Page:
Australian sheep exhibit signs of anthrax

A group of sheep exported from Australia to Pakistan suspected of being infected with anthrax exhibited signs and symptoms of anthrax infection after being culled this week in Karachi.

The local importer of the sheep rejected the claims of a veterinary expert that some of the sheep were infected with a disease that appeared to be anthrax. A government team raided the private farmhouse of the importer and recovered the affected sheep. Some of the animals were deceased in the facility, the Business Recorder reports.

Anthrax, a highly infectious bacterial disease in mammals such as sheep and cattle, causes skin ulcers and can be transmitted to humans.

"We have found all symptoms of anthrax in the imported sheep," a senior director of the veterinary services department of the Karachi Metropolitan Corporation, said, according to the Business Recorder.

The local importer is suspected of hiding some of the animals infected with the anthrax-like disease.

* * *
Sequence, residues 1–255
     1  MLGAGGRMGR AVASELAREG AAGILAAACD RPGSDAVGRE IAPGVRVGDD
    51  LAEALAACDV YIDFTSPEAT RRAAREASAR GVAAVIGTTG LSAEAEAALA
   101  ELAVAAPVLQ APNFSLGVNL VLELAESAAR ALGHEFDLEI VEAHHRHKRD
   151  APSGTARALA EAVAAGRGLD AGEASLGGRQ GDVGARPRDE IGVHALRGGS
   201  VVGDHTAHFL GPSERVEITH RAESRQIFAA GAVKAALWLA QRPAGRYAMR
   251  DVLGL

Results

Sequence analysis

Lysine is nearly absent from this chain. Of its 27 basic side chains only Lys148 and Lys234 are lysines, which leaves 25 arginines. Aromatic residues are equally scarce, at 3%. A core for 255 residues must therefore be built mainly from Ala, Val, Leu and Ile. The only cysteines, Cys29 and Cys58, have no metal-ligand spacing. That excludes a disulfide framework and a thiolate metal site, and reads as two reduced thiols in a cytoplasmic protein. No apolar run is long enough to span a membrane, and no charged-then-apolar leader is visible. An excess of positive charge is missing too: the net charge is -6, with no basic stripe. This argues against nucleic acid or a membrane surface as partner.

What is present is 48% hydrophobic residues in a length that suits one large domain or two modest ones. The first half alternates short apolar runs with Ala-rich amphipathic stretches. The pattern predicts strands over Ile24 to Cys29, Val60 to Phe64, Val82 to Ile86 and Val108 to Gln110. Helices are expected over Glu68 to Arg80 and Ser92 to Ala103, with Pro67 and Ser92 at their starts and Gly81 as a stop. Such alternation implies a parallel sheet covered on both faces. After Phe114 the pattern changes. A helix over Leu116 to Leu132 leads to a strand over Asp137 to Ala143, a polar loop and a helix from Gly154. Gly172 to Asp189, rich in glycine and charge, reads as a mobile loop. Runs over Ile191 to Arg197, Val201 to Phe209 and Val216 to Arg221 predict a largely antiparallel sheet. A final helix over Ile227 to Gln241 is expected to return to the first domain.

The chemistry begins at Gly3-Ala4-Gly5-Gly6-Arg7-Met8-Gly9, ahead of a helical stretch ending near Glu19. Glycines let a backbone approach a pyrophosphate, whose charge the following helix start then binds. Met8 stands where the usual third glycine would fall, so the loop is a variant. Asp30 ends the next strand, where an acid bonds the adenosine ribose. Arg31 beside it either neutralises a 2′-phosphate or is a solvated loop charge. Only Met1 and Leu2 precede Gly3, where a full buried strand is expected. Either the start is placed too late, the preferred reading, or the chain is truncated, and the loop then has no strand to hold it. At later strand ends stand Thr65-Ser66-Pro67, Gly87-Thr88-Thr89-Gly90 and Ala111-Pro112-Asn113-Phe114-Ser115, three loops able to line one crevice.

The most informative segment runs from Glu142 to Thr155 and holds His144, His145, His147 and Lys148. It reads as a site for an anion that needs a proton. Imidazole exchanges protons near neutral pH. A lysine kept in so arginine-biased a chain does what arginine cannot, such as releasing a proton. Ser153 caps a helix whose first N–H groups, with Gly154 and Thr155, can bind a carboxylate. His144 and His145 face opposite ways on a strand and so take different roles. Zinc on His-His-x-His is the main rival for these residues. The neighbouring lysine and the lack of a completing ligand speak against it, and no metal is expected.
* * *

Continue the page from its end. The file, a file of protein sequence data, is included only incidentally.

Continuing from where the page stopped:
The Australian company that exported the sheep claims that the animals are fit for human consumption. The company is requesting that the Pakistan government stop the culling process and provide an internationally recognized laboratory test. After four consecutive days of killing the sheep to prevent the potential spread of the disease, approximately 7,000 sheep have been culled, according to the Business Reporter.

On the order of the Sindh High Court, scientists are collecting fresh samples of thousands of potentially infected sheep. Precautions have been taken to ensure that humans are not infected by the disease.